As long as [the] Zionist regime exists, if only on a small piece of land in Palestine, the region will not see tranquility. So all the people of the region should [work] towards the disappearance of American domination in the region and the disappearance of the Zionist regime.”—Iranian president Mahmoud Ahmadinejad, to a crowd gathered at the mausoleum of Ayatollah Ruhollah Khomeini on the eve of the 22nd anniversary of the revolutionary leader’s death. Iran’s current supreme leader Ayatollah Ali Khomenei also marked the anniversary by saying that Iran backs “the undivided country of Palestine which belongs to the Palestinians. Palestine will return to the arms of Islam, without any doubt.” (Ynet News, June 4.)


Holocaust survivors are aghast that the museum at Sobibor, the site of John Demjanjuk's [Ivan the Terrible] crimes, has closed because of insufficient funding by Polish state authorities. The demands of history and our obligation to the education of future generations must be respected so that this solemn place remains open. Whatever the price of memory, the cost of forgetfulness is so much greater.”—Elan Steinberg, vice president of the American Gathering of Holocaust Survivors and their Descendants, criticizing the Polish government for its failure to fulfill its financial obligations to the Sobibor death camp museum, resulting in the museum’s shutting down. Approximately 250,000 people, the vast majority Jews, were killed at Sobibor during the Holocaust. 20,000 people a year visit Sobibor, a number expected to decline due to the museum’s closing. (JTA, June2.)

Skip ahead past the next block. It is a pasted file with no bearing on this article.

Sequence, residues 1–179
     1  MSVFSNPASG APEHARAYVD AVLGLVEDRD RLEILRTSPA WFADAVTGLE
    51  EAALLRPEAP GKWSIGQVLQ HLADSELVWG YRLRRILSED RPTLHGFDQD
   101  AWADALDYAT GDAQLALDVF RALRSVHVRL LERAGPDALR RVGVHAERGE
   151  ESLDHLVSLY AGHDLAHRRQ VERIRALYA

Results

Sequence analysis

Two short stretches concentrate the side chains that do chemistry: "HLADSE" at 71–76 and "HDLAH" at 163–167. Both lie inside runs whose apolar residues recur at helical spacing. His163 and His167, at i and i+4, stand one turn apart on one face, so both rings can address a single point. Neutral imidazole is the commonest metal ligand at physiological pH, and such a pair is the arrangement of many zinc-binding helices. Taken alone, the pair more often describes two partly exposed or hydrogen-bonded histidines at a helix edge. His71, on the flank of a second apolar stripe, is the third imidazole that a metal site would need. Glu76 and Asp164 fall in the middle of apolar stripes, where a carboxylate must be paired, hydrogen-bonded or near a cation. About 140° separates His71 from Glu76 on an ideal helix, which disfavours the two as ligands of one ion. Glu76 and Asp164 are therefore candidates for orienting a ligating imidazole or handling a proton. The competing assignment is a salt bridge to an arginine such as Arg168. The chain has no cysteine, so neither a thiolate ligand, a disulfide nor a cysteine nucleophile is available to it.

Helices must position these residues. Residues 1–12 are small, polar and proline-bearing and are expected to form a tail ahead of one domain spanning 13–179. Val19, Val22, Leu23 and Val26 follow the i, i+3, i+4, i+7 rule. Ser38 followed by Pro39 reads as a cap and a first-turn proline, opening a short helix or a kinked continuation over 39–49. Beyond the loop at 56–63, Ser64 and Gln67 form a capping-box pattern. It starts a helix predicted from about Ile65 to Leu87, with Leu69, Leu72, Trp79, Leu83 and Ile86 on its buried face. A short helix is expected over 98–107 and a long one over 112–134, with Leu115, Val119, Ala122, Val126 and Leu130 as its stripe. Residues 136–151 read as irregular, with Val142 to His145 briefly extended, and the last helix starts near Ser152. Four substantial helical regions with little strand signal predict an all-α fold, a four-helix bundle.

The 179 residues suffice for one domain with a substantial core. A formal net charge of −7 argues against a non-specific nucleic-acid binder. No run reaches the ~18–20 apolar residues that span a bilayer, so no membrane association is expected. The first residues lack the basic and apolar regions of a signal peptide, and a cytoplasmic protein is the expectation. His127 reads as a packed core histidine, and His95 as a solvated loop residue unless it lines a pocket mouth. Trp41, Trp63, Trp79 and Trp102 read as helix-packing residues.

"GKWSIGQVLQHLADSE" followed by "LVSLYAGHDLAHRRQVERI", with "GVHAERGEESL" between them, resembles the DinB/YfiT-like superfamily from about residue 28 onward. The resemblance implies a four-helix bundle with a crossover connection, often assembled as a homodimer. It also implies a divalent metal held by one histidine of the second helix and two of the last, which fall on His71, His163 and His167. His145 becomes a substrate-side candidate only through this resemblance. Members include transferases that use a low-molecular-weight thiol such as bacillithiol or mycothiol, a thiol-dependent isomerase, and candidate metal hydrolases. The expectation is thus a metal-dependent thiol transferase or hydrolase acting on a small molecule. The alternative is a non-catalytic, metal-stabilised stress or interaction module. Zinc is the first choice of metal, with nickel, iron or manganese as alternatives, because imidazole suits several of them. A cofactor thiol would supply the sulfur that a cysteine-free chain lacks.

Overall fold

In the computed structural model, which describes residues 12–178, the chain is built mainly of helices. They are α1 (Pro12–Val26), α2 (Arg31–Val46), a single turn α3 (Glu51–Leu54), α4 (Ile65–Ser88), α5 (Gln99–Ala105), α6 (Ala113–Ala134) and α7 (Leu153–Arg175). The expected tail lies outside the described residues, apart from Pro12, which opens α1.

Short Takes

PMO: NO BREAKTHROUGH IN SCHALIT TALKS DESPITE REPORTS—(Jerusalem) The Office of Israeli Prime Minister Benjamin Netanyahu (PMO) has denied Egyptian reports that a deal for captive soldier Gilad Schalit’s release is imminent. “Negotiations on Gilad Schalit are continuous and intensive, but there is no breakthrough in the matter,” the Prime Minister’s Office stated. The PMO was responding to former Egyptian ambassador to Israel Muhammad Bassiouni’s assertion in Egyptian paper Al Mesryoon that an agreement to release captive Schalit “could be reached within hours.” (Jerusalem Post, June 2.)